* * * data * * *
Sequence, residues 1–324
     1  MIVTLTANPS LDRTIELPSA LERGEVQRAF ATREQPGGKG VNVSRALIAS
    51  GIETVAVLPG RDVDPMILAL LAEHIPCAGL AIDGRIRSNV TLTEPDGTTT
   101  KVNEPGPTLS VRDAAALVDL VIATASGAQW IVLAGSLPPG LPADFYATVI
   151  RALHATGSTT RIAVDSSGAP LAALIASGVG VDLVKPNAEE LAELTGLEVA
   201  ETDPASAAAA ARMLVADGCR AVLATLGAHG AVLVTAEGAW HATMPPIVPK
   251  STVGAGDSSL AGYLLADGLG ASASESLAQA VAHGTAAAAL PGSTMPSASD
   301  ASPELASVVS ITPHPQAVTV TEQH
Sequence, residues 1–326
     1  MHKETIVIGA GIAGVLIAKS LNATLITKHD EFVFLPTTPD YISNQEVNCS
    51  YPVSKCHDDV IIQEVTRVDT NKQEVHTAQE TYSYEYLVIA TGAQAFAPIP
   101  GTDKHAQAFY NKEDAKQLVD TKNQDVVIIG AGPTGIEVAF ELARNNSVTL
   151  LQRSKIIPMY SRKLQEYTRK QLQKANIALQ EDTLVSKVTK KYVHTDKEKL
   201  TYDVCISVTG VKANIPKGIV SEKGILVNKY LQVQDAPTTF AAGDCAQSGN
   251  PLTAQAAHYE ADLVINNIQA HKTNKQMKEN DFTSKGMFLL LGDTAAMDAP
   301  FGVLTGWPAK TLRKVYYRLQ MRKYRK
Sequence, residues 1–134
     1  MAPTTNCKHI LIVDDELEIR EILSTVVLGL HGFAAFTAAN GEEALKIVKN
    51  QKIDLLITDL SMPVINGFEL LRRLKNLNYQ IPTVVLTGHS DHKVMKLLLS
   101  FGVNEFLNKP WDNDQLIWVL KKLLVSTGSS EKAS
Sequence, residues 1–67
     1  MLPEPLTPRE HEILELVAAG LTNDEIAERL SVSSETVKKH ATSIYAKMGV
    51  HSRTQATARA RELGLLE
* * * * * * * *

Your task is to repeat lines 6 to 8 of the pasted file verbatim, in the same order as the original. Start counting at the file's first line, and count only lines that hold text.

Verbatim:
   201  ETDPASAAAA ARMLVADGCR AVLATLGAHG AVLVTAEGAW HATMPPIVPK
   251  STVGAGDSSL AGYLLADGLG ASASESLAQA VAHGTAAAAL PGSTMPSASD
   301  ASPELASVVS ITPHPQAVTV TEQH